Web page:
The international Court of Arbitration for Sport on Thursday dismissed an appeal by the head of Palestinian soccer against his ban for “inciting hatred and violence” toward Argentine superstar Lionel Messi.
In August 2018, international soccer’s governing body FIFA banned Jibril Rajoub from attending matches for a year and fined him 20,000 Swiss francs ($20,600) after he called on fans to burn posters and shirts of Messi if he played in a game against Israel in Jerusalem in June of that year.
The court, a quasi-judicial body which handles international sports disputes, said in a statement that its judging panel had decided that FIFA’s sanctions against Jibril Rajoub “were not disproportionate.”
“After taking due consideration of all the evidence produced and all arguments made, the CAS Panel found that Jibril Rajoub had failed to establish that any procedural violations were committed in the proceedings… that could justify the annulment of such decisions,” the court said in a statement.
Rajoub’s ban expires next month, on August 23, before the Palestinian national team’s first 2022 World Cup qualifying game at home against Uzbekistan on September 5. However, he is currently still able to continue running the federation and attend FIFA meetings.
Rajoub had denied any wrongdoing after the ban was announced.
“This is an unjust and political decision, an Israeli decision,” he said at the time, pointing out that the complaint against him had come from the Israeli soccer federation, not the Argentinians.
The Palestinian federation had also lashed out at the decision as biased and “absurd.”
Rajoub had been filmed saying in Arabic, “We will target Messi and we will ask everyone to burn his T-shirt and his picture and to abandon him.”
Argentina eventually canceled the trip to Jerusalem for the game, which was meant to be a final warm-up before the 2018 World Cup. Argentina Foreign Minister Jorge Faurie said at the time that players felt “totally attacked, violated” after images emerged of the team’s white and sky-blue striped jerseys stained with red paint resembling blood.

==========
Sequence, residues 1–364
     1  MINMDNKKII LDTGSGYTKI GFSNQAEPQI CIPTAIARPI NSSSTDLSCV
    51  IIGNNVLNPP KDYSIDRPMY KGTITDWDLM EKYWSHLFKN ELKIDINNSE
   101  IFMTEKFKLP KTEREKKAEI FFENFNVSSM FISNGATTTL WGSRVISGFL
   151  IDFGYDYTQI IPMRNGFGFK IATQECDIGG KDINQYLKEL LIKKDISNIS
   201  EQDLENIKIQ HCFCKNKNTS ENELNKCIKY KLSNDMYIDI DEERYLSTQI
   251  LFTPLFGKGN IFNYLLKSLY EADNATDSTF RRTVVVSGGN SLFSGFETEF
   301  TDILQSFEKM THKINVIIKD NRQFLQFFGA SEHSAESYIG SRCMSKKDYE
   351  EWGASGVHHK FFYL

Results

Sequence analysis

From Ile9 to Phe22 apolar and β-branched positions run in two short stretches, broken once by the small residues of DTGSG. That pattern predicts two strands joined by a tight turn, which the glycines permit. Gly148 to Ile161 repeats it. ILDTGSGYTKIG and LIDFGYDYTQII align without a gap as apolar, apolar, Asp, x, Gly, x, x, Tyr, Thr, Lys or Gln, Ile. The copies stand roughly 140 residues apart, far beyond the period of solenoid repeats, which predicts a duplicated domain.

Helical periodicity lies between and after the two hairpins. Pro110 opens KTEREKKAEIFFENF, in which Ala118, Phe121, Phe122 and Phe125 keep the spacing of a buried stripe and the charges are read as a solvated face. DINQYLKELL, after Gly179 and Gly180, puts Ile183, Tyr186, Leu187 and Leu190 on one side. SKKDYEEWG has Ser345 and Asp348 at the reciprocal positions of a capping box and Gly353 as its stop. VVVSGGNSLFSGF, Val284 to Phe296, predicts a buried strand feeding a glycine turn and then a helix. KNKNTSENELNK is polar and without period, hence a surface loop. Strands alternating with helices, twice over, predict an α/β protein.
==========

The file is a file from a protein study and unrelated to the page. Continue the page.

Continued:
The punishment marked an embarrassing blow for Rajoub, who has long lobbied FIFA to sanction Israel for what he has called its restriction of movement of Palestinian players.
Israel has rejected the Palestinian campaign as an attempt to politicize sports and has cited security concerns as the reason behind the occasional restrictions placed on Palestinian players, particularly in the Hamas-ruled Gaza Strip.
FIFA is currently conducting an investigation against Rajoub on suspicion that he breached its bylaws by glorifying terrorism and inciting hatred and violence, a pro-Palestinian website and an Israeli NGO said last month.
FIFA’s ethics committee sent a letter to Rajoub in January saying there was apparent evidence that he had violated its rules and requiring him to respond in writing if he wants to challenge a range of examples, included in a 2017 complaint by the nonprofit watchdog group Palestinian Media Watch.
The confidential letter FIFA sent to Rajoub had been leaked by pro-Palestinian website Electronic Intifada.
“FIFA Ethics Committee has opened these investigation proceedings after having determined that, on the basis of a document and relevant evidence submitted by Palestinian Media Watch… there is a prima facie case that you may have committed violations of the FIFA Code of Ethics,” the January 8 letter to Rajoub said.
The letter by FIFA’s chief of investigation in the Ethics Committee, Martin Ngoga, cited many alleged examples of Rajoub’s “promotion and glorification of terrorism,” “incitement to hatred and violence,” “discriminatory/denigratory statements and prohibiting the use of [soccer] as a bridge to peace” and the “use of [soccer] to promote a political agenda.”
Among the examples, most of which PMW said are supported by video evidence, are Rajoub allowing soccer tournaments and teams to be named after convicted terrorists who killed Israeli civilians, supporting a wave of Palestinian stabbing attacks in 2015-2016 and the kidnapping of Israeli soldiers, refusing to approve the use of soccer to build bridges between Israel and the Palestinians, referring to Israelis as “sons of bitches,” likening the Jewish state to Adolf Hitler and the Nazis, and abusing his position to try to ban Israel from FIFA and to promote his and his Fatah party’s political goals.
If Rajoub is found guilty, PMW said, he will face heavy fines and a ban on taking part in any soccer-related activities for up to five years.
Times of Israel staff contributed to this report.